I'll post a picture once they are on the bottles. I designed these specifically for the short stubby type bottles that breweries such as Sierra Nevada, North Coast and Boulevard Brewing use as I like those bottles and have a pretty good collection of them. Yes, though I keg I still have a plentiful amount of bottles. These will be going on plain old long necks though for the competition.

Friday, March 13, 2009

Some art...

Since part of this blog is supposed to be about my printmaking as it relates to my homebrewing anyway, it is past due that I post some artwork.

I have sadly not been very productive in the print/art interests in my life lately. I have been working slowly on redesigning my beer label design. I will post my progress, but first I will revisit my first attempts.

The following are my first hand-printed woodcut/engraving labels. The second one was awarded honorable mention in the BYO magazine homebrew label competition in 2006.

These both are printed from multiple blocks to print each individual color. They are a combination of linoleum block, woodcut, and wood engraving. This was only my second serious attempt at wood engraving. The results were a bit wonkier than I would desire. It is not really up to my usual standard. It was a start though.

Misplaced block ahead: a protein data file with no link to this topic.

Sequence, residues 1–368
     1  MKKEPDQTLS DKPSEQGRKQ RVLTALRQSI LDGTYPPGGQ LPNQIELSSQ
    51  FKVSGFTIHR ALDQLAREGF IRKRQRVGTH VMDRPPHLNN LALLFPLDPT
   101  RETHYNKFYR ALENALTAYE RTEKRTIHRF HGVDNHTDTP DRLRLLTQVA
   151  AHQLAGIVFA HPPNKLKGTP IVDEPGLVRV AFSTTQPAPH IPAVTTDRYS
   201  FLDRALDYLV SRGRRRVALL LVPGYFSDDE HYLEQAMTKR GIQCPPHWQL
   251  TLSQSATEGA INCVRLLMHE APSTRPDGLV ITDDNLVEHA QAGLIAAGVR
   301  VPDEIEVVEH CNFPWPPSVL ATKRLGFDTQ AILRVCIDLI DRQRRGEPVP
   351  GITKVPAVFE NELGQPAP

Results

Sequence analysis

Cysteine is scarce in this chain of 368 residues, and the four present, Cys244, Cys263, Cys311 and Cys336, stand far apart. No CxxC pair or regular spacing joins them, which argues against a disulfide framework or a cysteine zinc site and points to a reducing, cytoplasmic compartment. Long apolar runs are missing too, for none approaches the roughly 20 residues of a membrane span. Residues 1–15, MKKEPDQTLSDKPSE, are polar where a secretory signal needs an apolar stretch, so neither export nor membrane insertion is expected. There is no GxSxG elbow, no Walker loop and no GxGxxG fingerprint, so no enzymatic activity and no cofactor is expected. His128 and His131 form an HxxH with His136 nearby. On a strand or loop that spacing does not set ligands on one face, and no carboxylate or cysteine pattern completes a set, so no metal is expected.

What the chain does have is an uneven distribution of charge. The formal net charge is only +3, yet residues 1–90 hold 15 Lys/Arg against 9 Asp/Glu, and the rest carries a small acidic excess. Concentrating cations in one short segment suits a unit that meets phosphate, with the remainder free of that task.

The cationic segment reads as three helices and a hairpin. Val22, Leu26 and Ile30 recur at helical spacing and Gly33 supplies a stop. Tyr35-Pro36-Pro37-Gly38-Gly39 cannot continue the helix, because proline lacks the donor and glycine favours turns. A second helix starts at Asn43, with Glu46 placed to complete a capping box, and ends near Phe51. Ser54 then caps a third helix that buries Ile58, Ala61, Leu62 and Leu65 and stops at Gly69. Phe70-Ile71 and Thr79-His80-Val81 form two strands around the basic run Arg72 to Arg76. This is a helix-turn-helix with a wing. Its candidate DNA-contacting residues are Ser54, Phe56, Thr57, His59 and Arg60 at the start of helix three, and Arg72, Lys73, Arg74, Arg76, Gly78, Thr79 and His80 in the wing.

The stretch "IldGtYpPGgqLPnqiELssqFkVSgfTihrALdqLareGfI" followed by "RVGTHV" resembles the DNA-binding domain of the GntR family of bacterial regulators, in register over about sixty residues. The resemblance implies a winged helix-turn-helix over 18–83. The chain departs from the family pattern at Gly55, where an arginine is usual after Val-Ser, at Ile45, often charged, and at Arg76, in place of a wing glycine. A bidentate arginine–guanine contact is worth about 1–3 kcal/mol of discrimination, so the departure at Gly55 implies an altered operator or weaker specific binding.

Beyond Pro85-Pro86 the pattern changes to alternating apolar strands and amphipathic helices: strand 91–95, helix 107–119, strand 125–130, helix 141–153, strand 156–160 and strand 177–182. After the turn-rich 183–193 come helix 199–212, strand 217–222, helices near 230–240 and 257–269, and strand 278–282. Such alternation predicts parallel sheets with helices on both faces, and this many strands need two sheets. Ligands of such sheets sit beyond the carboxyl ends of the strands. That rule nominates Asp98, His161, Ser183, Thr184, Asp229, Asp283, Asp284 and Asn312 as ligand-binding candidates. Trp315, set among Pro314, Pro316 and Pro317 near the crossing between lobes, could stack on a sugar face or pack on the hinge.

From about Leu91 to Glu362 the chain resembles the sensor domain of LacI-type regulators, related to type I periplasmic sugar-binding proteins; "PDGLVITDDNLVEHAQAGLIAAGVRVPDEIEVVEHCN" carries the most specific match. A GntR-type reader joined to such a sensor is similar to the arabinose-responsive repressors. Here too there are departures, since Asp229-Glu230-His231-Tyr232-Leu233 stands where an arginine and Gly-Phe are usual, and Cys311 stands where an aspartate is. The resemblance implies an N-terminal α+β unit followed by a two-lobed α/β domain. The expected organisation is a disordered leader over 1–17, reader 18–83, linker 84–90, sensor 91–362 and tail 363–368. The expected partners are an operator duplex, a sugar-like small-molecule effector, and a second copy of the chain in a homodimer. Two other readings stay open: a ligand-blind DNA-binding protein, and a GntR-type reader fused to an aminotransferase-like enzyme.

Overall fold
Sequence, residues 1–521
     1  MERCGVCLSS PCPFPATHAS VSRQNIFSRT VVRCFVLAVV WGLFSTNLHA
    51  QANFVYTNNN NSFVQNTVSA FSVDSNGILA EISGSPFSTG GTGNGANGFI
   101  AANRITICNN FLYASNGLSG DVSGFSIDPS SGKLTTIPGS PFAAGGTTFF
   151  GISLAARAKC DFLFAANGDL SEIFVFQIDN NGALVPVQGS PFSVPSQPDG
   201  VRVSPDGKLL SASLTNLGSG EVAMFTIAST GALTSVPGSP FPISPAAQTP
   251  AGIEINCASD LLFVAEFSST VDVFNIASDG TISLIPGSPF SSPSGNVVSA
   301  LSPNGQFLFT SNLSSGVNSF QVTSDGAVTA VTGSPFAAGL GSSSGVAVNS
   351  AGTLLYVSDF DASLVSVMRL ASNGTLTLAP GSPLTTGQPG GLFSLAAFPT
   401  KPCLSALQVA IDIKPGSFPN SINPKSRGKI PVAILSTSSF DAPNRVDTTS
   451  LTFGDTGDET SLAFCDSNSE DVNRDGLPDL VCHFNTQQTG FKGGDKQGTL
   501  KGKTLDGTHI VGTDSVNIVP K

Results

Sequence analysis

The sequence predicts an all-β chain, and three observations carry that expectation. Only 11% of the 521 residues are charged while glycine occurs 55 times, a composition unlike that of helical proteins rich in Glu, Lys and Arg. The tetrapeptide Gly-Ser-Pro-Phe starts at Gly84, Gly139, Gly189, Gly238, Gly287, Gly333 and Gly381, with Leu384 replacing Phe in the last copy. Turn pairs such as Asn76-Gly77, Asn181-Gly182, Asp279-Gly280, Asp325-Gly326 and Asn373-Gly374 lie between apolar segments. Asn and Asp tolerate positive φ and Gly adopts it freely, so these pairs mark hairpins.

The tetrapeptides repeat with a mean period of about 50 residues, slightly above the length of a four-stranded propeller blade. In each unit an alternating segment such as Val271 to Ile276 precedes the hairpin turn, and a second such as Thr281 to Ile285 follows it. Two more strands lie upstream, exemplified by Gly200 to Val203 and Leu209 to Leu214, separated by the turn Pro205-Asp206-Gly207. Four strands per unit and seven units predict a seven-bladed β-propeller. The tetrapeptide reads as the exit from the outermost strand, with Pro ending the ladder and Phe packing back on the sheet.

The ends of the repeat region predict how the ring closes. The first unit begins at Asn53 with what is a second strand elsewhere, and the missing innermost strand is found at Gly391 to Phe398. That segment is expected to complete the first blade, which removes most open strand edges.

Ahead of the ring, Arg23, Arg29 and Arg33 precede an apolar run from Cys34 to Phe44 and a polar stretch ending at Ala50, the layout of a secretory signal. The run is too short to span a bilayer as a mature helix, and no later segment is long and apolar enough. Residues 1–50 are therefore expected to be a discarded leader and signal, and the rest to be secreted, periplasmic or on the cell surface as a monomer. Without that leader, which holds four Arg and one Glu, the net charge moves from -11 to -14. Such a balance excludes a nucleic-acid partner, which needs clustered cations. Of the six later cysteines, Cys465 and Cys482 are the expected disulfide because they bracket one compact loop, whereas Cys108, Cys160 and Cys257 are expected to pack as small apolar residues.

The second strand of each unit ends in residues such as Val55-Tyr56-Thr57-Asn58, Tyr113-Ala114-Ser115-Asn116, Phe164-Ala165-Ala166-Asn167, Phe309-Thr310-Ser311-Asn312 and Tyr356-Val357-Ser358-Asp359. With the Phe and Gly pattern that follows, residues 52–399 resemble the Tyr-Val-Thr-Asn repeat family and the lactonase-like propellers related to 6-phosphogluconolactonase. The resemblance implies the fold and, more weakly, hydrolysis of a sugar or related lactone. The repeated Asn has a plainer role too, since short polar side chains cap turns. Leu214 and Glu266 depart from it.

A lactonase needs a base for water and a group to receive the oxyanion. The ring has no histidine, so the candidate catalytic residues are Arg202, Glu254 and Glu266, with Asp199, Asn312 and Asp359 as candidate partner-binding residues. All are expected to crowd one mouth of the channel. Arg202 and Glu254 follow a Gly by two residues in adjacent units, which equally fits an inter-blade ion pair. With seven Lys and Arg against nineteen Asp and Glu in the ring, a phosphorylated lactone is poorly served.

Thursday, March 12, 2009

0.6 or 6 no big diffeence eh?

Ah man! I was at my local homebrew supply store today. I noticed the Northern Brewer hops were labeled as 10.6% Alpha Acid. I bought some of these a couple of weeks back when they had just came in before he had repacked them in 1 oz. packs. I verified with the owner that this 10.6% batch is indeed the same I had purchased. Problem here is that the 4 oz. package he made for me was labeled as 6%!!!

So, I now have a hop bomb Altbier!

He said he just grabbed an old label at the time and forgot to check it! Man, when will I learn! This is not the first time I have been given the wrong information. Really makes me wonder what the heck I am actually buying sometimes. Their prices are excellent and no shipping but is it worth it...

Well, that is not the only problem with this altbier I guess. I forgot to mention in my previous post how my efficency suddenly crashed on that batch. I went from 80% or above to 69%. Not sure what happened. I am wondering if it had to do with the age of the grains. I ended up with low gravities. Well, I really just wanted the yeast anyway!